Dr Veena Khanduri: My Journey from a Simple Woman to a Woman Facilitator

“Back in 1991, as a fresh Ph.D. holder in Environmental Biology from the Forest Research Institute, Dehradun, India, I never had a dearth of opportunities to work as a scientist. However, I was keen to use my skills and knowledge for practical applications for betterment of community. With this idea, I started my career as a Woman Programme Manager for watershed management with a Non-Government Organization (NGO) at Tehri Garhwal, Uttarakhand, India.” Dr Veena Khanduri, Executive Secretary-cum-Country Coordinator of India Water Partnership (GWP India) shares the story of her career journey in celebration of International Women's Day (IWD2020).

Dr Veena Khanduri

Sitting in my office today I can still recall one of my earliest interactions with an old woman with no formal education from Sabli Village. I was a part of a group that was sent to Garhwal hills to conduct a study on a cluster of communities of 10 villages for evolving solutions for rainwater harvesting and conserving water for irrigation and drinking purpose during summers. I vividly remember how that old woman had drawn a picture on the ground with some leaves, twigs and flowers to provide the specific location for designing a pond. I was amazed to see her level of knowledge and practical approach towards resolving conflicts between communities of two villages who had been, up to then, fighting for water. The enmity was brought to end with the creation of a pond at the same location suggested by the old woman and endorsed by the whole community and our technical team. Finally, a four-year programme was conceived with the support of local women by building a fruit and vegetable nursery along the created pond which was managed by a Women Users Group to increase the income of the households. In the four years that followed, I developed a deep bond with these communities by working with them to empower them, especially the women so as to improve their access to water and safe sanitation in hilly terrains.

Working with the non-government sector for seven years provided me with an insight into community perspectives and challenges associated with ground level implementation of policies and programmes. My journey took me to work with 18,000 women self-help groups across 12 states of India to empower them through micro-finance. Access to safe water has always been critical to women empowerment as they are burdened with arranging water for household needs in India and they have to travel long distances to fetch water, mostly in the summers. In the Indian scenario, it has been unequivocally acknowledged that the continued decline in water security or the availability of safe, reliable water as both a commodity and a natural resource, presents an immense risk to sustainable development in the coming decades. Without an equal and active participation by women, it may not be possible to come out of this absolute water scarcity scenario in near future.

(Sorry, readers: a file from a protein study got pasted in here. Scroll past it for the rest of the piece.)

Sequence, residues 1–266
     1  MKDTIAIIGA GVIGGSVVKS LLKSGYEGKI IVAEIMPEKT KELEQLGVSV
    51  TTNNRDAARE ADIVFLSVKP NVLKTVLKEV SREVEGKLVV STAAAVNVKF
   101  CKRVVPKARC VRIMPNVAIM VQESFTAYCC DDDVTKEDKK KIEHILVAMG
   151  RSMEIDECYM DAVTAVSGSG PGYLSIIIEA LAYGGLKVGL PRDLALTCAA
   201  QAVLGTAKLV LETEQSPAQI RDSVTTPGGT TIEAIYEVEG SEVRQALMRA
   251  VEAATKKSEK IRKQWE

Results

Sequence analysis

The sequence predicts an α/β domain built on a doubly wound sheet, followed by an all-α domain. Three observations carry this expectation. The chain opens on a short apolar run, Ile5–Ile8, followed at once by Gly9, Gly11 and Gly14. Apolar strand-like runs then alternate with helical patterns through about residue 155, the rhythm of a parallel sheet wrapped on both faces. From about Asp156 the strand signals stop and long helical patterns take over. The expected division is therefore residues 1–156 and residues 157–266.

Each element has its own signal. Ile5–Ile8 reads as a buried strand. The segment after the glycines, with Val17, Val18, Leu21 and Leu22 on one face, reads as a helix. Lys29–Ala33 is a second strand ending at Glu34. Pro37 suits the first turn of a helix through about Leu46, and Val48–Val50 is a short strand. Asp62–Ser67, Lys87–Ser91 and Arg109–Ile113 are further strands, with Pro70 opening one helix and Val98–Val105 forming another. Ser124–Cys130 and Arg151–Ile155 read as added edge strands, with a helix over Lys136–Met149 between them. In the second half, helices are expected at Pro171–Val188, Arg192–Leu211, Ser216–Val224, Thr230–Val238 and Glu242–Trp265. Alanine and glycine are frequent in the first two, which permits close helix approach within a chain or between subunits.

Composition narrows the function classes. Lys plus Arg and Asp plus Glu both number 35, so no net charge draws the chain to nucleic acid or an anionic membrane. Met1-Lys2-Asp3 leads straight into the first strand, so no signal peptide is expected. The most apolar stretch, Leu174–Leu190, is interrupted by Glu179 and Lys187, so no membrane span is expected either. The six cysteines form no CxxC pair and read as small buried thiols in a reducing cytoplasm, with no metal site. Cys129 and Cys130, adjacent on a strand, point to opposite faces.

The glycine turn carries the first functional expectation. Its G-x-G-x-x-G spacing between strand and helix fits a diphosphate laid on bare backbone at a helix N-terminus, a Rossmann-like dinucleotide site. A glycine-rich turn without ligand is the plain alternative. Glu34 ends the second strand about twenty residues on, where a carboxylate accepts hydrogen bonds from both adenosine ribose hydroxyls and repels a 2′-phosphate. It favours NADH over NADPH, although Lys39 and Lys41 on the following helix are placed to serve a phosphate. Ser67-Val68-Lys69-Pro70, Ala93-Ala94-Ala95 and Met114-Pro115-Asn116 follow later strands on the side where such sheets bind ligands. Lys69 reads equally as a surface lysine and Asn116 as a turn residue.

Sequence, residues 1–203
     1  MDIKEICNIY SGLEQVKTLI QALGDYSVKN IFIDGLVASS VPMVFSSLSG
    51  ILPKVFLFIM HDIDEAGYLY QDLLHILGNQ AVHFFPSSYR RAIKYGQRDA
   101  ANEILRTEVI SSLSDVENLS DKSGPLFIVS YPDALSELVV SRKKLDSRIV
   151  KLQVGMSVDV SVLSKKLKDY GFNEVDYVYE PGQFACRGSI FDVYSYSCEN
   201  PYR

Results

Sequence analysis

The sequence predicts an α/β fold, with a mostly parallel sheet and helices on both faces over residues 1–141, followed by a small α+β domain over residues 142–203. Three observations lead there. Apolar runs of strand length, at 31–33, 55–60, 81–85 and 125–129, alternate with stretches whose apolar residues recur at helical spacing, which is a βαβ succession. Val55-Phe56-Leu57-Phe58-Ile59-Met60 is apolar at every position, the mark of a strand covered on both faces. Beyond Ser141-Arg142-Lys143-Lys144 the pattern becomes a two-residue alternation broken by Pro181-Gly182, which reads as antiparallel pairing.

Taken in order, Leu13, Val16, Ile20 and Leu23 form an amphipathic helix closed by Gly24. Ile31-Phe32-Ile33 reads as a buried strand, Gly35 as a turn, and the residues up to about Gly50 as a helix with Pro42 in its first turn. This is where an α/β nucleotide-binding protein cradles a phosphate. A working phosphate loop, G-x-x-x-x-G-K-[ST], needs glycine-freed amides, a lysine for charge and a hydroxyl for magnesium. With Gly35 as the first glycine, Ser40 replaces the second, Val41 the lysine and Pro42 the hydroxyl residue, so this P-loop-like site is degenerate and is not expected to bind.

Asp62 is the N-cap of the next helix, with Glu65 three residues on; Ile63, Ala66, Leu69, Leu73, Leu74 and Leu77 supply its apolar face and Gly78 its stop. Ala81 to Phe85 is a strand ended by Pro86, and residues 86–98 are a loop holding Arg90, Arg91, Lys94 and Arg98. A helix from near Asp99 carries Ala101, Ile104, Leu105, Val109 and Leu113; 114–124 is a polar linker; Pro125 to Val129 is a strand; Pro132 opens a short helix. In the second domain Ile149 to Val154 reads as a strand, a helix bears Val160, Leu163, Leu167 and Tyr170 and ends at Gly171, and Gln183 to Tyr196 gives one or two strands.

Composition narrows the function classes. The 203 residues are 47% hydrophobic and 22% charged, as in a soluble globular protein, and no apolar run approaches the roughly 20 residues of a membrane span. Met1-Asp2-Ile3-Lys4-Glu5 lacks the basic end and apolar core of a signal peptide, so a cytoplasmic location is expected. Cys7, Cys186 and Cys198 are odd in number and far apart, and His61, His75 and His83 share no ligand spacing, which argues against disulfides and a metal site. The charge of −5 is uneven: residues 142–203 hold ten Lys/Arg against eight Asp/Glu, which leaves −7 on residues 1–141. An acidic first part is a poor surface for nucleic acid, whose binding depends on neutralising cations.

Being able to connect and interact with so many women enabled me to work on and keep growing as a better individual and help more and more women to channelize their hidden potential and to provide them with knowledge and skills. I am also determined to drive the behaviour change towards conservation of water and safe hygiene practices among the women by taking-up innovative approaches with the community. Providing women with a platform for capacity building to help them hone their skillset is the need of the hour. With initiatives like Jal Jeevan Mission and Har Ghar Nal, Har Ghar Jal {A tap in every household, (to ensure) water in every household} Scheme, the Government of India is making efforts to ensure that every household in India has easy and safe access to clean potable water. These initiatives clearly have linkages across all the 17 Sustainable Development Goal targets which relate to social and economic development, dependency upon sustainable and reliable water supply and adequate quality and quantity, thereby empowering women and girls who walk miles to fetch water. The guidelines of the Jal Jeevan Mission ensure women participation in all national, state and district level committees and specifies in the Institutional Mechanism to carry out activities by involving youth and women in achieving the mission activities.

As Executive Secretary of India Water Partnership - which is part of GWP South Asia - and with the strength of more than a hundred network partners, we make sure to take up programmes that enable women participation to overcome the traditional barriers and acquire new skills to become better managers. Our programmes are focused on enhancing the role that a woman can play to uplift not only her household but the community at large. As primary providers, managers and users of water, women and youth are uniquely positioned to help in driving productive changes in the water security scenario with their original contributions in designs and maintenance of water systems, water distribution and policymaking.

Top photo: Dr Veena Khanduri with children in Shivalik Hills.